Adding in the whole pieces of raw does take a meal of Darwin's Pet food out of balance. However, I focus on balancing over time and mixing in a whole meal of duck frames or adding a duck neck to a meal of Darwin's Pet serves as a fun treat for the dogs while keeping their teeth clean.
5 – Rotating Proteins Takes the Pressure Off of Raw Feeders
And finally, rotating proteins takes the pressure off of me. All too often, I see a raw feeder in my Kicked Out group stressing about calculating the 80/10/5/5 ratio (80% muscle meat, 10% bone, 5% liver, 5% offal). I see raw feeders who are stressing about feeding enough white meat or red meat. And I see raw feeders stressing about choosing the right supplements for their dogs.
I don't worry about any of this anymore. Yes, all of this is in the back of my mind because I want to feed my dogs a healthy and balanced raw diet – I simply don't stress about it anymore. When I fed my dogs 100% Darwin's Pet, I organized my orders in the freezer by protein. Beef > Duck > Tripe > Turkey – it was a breeze to rotate proteins while feeding my dogs a balanced raw diet.
Today, my dogs enjoy lamb and bison tripe by Darwin's Pet; these proteins go into the current rotation with the DIY raw. The only thing I'm worried about now is remembering to take food out of the freezer when I'm having a crazy busy day.
Downsides to a Rotation Diet for Dogs
Since transitioning my dogs to a raw food diet, I haven't noticed any problems when switching proteins. However, when I fed kibble, there was always the risk of GI upset when the dogs started a new food, so I would transition slowly. If you have a dog with a very sensitive GI system, then switching proteins can cause stomach upset, especially when the dog is new to raw feeding. So I recommend transitioning slowly.
If your dog has a history of GI distress, you'll need to focus on getting your dog on a better diet (raw dog food) and healing your dog's gut. I recommend the following steps based on my experience raising Rodrigo:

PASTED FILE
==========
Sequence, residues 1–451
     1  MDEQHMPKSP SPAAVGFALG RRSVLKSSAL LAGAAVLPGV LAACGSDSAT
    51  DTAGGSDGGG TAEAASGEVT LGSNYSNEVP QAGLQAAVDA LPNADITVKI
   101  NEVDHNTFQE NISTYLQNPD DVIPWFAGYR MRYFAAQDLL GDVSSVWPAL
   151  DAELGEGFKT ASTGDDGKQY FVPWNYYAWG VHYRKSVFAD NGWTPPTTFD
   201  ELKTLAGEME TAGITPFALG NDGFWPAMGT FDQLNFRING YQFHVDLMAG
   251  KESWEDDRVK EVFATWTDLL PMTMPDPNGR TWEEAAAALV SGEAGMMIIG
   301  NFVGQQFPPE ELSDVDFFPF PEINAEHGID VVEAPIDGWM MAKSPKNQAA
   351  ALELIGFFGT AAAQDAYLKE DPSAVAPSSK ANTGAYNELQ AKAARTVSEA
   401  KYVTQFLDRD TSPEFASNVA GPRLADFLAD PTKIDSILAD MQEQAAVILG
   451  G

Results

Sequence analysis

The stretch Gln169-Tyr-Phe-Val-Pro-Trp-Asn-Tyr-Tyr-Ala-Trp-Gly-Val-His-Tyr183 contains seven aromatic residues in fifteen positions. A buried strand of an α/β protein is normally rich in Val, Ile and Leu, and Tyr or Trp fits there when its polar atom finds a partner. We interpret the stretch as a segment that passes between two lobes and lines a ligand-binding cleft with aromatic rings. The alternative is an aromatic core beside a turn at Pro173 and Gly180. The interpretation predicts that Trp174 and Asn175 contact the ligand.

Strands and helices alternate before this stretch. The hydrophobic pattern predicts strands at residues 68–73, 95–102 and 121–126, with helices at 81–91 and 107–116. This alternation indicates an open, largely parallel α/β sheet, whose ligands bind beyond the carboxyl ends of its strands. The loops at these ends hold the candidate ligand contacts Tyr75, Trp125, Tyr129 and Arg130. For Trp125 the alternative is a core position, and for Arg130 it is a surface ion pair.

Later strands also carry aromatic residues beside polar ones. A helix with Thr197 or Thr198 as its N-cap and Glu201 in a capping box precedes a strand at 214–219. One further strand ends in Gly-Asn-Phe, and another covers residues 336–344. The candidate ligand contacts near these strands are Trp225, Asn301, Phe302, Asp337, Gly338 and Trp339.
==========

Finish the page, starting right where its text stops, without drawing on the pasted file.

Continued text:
Start with Premade Raw
Instead of starting with DIY raw (unless you're working with a qualified and experienced holistic vet), I recommend starting with a premade raw diet of Darwin's Natural Pet Food. If your dog doesn't have an issue with chicken, start there; otherwise, start with duck. Feed one protein for a couple of weeks before adding in a new protein – you can go as slowly as your dog needs.
Darwin's offers chicken, turkey, beef, duck, lamb, beef tripe, and bison tripe.
Add a Probiotic and Digestive Supplement
Although there are living enzymes in raw food, if a dog has a GI issues, those enzymes may not be enough. I add fermented vegetables to my dogs' diet and they work wonders. You can find fermented vegetables in the refrigerator section of many whole foods grocery stores like Central Market (Mill Creek, WA) or Trader Joe's. Be sure to compare salt content (an ingredient needed in fermentation) when choosing fermented vegetables (I look for anything below 5%). And make sure that there are no onions.
If you'd prefer to give your dog a supplement, I recommend FullBucket Daily Canine Powder; this supplement worked miracles on my dogs.
Take Your Time
And I know I mentioned this above, but it's worth repeating. Take your time! Many new raw feeders feel like they have to jump into raw with both feet. You're looking at the meals people are sharing, taking in an overwhelming amount of information – this is great because you want to continue to learn. But don't allow all of this information to push you into moving faster than you or your dog is ready to move.
This post is sponsored by Darwin's Natural Pet Food. I was paid a fee to share my honest thoughts and experience on this topic. Darwin's Pet, founded in 2004, makes a point of educating pet owners about species appropriate nutrition while providing home delivery of premium raw meals across the country. I transitioned my dogs to raw dog food with the help of Darwin's Pet's amazing customer service team and I continue to be a fan today, feeding my dogs their bison tripe and an occasional meal of lamb.